T cells are major players of adaptive immune response in mammals. Recognition of an antigenic peptide in association with the major histocompatibility complex at the surface of an antigen presenting cell (APC) is a specific and sensitive process whose mechanism is not fully understood. The potential contribution of mechanical forces in the T cell activation process is increasingly debated, although these forces are scarcely defined and hold only limited experimental evidence. In this work, we have implemented a biomembrane force probe (BFP) setup and a model APC to explore the nature and the characteristics of the mechanical forces potentially generated upon engagement of the T cell receptor (TCR) and/or lymphocyte function-associated antigen-1 (LFA-1). We show that upon contact with a model APC coated with antibodies towards TCR-CD3, after a short latency, the T cell developed a timed sequence of pushing and pulling forces against its target. These processes were defined by their initial constant growth velocity and loading rate (force increase per unit of time). LFA-1 engagement together with TCR-CD3 reduced the growing speed during the pushing phase without triggering the same mechanical behavior when engaged alone. Intracellular Ca2+ concentration ([Ca2+]i) was monitored simultaneously to verify the cell commitment in the activation process. [Ca2+]i increased a few tens of seconds after the beginning of the pushing phase although no strong correlation appeared between the two events. The pushing phase was driven by actin polymerization. Tuning the BFP mechanical properties, we could show that the loading rate during the pulling phase increased with the target stiffness. This indicated that a mechanosensing mechanism is implemented in the early steps of the activation process. We provide here the first quantified description of force generation sequence upon local bidimensional engagement of TCR-CD3 and discuss its potential role in a T cell mechanically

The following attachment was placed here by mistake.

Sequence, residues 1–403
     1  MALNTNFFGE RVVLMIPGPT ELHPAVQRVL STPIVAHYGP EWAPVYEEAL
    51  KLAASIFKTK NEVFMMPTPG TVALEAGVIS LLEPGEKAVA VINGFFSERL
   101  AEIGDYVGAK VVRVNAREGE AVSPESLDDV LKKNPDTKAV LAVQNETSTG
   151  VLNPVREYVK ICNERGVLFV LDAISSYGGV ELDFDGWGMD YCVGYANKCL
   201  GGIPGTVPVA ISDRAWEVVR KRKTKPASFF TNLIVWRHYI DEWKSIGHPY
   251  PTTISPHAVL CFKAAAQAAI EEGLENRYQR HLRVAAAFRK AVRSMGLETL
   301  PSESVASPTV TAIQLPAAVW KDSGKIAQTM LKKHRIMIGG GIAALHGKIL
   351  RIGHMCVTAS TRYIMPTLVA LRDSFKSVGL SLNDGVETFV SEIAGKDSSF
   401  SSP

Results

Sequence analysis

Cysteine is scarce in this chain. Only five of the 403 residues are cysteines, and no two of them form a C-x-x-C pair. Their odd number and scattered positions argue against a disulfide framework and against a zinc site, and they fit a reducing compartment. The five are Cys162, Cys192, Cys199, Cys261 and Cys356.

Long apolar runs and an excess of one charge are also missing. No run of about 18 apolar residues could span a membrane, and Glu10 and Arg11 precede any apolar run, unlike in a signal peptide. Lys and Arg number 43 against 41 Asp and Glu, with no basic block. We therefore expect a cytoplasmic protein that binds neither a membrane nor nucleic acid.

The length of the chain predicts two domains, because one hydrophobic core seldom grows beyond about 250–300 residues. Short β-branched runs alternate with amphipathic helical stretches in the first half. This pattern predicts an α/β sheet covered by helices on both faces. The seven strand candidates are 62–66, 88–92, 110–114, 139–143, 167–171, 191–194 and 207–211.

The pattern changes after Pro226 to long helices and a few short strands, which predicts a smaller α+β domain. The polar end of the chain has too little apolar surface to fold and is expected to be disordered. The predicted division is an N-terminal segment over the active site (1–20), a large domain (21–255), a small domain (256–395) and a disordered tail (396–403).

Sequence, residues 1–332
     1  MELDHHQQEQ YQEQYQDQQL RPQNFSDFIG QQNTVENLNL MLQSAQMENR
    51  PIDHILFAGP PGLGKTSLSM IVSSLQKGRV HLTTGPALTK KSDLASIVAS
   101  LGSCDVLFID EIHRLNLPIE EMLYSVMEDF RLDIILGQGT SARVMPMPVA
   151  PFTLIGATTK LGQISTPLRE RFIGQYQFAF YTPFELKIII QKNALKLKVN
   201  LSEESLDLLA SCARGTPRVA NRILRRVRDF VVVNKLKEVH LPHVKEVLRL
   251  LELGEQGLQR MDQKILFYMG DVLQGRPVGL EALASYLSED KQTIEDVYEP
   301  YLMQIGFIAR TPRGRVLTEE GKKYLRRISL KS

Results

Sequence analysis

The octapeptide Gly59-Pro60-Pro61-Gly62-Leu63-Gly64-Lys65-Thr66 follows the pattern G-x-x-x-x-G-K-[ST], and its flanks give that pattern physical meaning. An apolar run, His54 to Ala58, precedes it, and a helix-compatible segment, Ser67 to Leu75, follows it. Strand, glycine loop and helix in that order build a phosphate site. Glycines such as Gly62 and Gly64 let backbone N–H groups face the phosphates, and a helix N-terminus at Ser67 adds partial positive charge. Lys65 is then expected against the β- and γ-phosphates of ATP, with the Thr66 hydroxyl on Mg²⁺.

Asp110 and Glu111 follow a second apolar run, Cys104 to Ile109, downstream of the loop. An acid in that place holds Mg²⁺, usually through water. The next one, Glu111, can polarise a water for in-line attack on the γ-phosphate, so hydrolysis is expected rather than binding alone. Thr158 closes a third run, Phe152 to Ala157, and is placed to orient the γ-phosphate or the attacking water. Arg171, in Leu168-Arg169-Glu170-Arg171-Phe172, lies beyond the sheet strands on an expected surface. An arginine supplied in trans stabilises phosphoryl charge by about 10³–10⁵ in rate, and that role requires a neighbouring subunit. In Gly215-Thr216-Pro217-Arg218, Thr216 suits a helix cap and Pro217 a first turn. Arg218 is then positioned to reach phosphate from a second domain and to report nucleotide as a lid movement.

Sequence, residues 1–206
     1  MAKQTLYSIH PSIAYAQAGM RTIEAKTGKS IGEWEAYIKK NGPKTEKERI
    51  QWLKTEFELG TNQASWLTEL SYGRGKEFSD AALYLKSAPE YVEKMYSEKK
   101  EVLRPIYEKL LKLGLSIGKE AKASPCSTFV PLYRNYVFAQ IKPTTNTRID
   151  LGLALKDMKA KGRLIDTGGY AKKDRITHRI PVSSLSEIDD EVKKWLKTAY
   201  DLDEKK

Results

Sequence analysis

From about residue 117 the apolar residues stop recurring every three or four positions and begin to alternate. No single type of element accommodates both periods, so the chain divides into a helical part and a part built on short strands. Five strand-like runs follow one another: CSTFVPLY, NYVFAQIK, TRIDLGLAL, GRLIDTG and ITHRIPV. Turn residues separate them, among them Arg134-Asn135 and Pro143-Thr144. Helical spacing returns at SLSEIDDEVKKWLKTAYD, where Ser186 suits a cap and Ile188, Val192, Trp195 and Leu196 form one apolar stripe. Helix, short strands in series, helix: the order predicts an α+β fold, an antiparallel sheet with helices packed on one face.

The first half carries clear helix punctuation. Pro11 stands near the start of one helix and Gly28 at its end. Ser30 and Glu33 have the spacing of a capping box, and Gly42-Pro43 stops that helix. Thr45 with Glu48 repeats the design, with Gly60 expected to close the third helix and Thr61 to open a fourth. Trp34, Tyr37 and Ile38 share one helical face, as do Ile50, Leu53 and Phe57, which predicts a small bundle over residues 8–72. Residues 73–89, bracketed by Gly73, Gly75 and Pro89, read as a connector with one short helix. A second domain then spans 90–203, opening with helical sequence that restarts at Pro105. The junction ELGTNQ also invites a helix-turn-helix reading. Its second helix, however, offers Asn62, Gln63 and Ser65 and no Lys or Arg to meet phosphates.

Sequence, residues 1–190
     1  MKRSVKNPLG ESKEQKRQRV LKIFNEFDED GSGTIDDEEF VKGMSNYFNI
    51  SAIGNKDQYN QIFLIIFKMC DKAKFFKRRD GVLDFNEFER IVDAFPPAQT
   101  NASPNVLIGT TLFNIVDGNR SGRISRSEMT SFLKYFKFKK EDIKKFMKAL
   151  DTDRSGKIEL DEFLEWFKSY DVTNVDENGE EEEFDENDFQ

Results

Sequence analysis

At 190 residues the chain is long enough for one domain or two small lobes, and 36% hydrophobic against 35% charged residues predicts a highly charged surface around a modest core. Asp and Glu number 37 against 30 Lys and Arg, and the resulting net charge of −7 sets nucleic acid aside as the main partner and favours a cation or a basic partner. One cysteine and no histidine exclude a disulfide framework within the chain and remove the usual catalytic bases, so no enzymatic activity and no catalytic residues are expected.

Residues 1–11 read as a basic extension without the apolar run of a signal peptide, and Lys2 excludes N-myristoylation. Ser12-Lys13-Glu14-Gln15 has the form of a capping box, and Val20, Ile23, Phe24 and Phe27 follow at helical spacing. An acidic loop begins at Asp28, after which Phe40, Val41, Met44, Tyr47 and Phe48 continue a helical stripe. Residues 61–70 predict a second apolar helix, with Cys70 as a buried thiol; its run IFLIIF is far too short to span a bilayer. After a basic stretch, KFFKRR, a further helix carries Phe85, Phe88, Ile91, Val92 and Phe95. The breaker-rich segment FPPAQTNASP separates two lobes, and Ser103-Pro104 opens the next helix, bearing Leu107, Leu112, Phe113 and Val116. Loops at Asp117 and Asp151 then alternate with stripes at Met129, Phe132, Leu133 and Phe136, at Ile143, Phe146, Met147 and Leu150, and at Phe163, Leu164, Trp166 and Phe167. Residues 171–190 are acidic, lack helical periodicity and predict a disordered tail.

13. Fuel dissipater for pressurized fuel cell generators